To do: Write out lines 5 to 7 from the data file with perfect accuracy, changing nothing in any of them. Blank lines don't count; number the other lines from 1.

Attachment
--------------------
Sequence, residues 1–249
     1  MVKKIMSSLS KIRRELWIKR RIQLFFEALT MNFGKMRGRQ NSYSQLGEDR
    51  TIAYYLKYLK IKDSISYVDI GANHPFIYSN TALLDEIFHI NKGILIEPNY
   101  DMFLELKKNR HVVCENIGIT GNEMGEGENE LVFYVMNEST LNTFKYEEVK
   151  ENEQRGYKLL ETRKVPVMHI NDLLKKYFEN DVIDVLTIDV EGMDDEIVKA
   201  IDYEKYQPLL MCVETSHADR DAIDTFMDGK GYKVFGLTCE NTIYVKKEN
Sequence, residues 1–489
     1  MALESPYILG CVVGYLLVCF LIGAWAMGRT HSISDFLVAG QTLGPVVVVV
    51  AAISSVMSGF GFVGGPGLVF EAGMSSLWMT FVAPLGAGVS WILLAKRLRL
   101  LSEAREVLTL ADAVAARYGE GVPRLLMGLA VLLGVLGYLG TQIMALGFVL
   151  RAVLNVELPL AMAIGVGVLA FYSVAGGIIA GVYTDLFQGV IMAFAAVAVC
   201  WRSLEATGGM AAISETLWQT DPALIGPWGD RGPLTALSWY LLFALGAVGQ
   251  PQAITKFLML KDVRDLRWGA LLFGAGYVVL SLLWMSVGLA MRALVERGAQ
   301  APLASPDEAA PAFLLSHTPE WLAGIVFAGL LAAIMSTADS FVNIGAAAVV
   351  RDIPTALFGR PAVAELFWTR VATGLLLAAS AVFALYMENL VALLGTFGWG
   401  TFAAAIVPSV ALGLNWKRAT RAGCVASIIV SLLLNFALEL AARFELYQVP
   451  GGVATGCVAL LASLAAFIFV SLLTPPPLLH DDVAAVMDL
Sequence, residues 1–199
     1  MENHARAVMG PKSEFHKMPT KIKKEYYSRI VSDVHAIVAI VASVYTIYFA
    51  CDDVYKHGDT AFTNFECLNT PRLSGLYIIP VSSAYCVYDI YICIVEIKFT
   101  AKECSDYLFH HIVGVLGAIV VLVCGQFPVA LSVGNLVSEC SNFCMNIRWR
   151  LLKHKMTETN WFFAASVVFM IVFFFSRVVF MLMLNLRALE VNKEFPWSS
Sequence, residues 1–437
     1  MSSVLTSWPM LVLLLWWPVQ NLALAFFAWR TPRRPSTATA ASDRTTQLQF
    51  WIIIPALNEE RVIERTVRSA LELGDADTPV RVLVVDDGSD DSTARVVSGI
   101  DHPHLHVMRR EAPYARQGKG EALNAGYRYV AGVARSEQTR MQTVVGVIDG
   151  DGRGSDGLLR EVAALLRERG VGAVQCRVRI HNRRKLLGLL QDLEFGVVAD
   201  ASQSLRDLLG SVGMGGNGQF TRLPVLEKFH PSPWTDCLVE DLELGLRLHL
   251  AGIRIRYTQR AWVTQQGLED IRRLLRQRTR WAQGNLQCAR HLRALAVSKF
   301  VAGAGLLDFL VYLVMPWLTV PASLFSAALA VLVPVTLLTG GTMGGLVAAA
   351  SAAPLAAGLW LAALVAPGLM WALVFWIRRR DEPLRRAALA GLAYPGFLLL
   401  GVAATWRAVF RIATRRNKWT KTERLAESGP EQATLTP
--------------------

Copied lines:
   151  ENEQRGYKLL ETRKVPVMHI NDLLKKYFEN DVIDVLTIDV EGMDDEIVKA
   201  IDYEKYQPLL MCVETSHADR DAIDTFMDGK GYKVFGLTCE NTIYVKKEN
Sequence, residues 1–489